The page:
Muslim-Buddhist couple's path fraught with danger
BANGKOK • He was a Rohingya Muslim whose family ran a fleet of boats in Myanmar's Rakhine state. She was a Buddhist shopkeeper living in a village next to his.
In a region riven by ethnic and religious tensions, their union was not just rare but downright dangerous. Faced with persistent intimidation, they fled their homeland in 2010 on an arduous journey that eventually brought them to Thailand early this year.
Mr Abdul Islam was 19 years old when he met Ms Asimah, 28, in 2008. She had to travel twice a week to the nearby Buthidaung town to restock the groceries in her shop. The quiet, square-jawed young man waived the 1,000 kyat (S$1) boat fare each time because "we are neighbours".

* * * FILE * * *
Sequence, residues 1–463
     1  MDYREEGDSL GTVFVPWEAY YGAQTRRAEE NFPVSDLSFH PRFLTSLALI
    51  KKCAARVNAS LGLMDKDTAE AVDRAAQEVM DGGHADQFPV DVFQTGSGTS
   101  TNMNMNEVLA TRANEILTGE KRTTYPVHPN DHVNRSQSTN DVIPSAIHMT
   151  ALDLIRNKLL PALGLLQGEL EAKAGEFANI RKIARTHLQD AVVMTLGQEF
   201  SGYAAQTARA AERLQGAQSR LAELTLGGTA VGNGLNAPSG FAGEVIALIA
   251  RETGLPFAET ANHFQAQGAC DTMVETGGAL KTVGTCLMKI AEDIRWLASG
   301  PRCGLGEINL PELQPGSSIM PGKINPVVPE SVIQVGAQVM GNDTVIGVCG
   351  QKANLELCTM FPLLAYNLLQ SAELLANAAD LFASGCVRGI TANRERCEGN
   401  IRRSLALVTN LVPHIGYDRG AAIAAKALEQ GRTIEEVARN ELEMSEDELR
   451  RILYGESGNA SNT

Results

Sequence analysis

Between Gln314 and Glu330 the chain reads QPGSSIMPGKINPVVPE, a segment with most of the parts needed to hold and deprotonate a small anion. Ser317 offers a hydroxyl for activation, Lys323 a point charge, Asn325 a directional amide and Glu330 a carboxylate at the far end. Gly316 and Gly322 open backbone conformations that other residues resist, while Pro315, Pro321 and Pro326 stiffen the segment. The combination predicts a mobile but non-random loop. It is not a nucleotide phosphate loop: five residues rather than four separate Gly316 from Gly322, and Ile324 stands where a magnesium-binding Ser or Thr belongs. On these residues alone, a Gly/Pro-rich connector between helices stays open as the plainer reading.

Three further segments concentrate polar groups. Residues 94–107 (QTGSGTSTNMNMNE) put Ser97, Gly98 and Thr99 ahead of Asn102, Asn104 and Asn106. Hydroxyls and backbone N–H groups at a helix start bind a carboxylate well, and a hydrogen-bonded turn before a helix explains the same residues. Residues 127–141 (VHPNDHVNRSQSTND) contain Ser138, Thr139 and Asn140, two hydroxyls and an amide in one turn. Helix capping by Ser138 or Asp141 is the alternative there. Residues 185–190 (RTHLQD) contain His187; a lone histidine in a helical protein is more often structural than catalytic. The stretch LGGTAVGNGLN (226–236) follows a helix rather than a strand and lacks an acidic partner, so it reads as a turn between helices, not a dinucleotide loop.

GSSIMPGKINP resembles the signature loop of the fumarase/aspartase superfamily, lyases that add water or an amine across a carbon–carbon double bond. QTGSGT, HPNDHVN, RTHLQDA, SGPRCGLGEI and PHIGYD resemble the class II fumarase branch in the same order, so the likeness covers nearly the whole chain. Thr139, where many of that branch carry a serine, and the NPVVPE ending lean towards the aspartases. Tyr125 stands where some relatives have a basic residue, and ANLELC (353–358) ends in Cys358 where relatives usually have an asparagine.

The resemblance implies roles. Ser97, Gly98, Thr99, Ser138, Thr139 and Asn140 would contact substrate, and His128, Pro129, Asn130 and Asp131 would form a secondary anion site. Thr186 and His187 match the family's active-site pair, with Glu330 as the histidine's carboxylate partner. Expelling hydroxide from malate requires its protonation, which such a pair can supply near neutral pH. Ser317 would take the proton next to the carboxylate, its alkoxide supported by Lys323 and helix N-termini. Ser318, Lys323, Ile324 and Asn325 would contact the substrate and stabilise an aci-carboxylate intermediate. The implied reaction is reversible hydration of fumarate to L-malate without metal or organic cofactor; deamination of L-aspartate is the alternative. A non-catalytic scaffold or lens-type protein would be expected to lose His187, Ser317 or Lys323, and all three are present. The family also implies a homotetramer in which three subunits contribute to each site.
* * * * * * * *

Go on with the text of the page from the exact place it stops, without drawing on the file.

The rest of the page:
Close brush with death in Syrian's flight to Germany
Mr Fadi Haddad crawled under barbed wire in Syria's north-western village of Kessab and crossed a forest to reach Turkey, the start of a journey to the edge of despair in the hands of unscrupulous migrant smugglers.
Twice, he had a brush with death - once on a sinking boat and another time when a screwdriver-wielding refugee charged at him in a German transit camp.
"Even now, I think my life is in danger," says Mr Haddad, 39, from his flat, his mournful eyes staring from a gaunt, thinly bearded face as he reflects on his seven attempts by sea, land and air to reach Germany.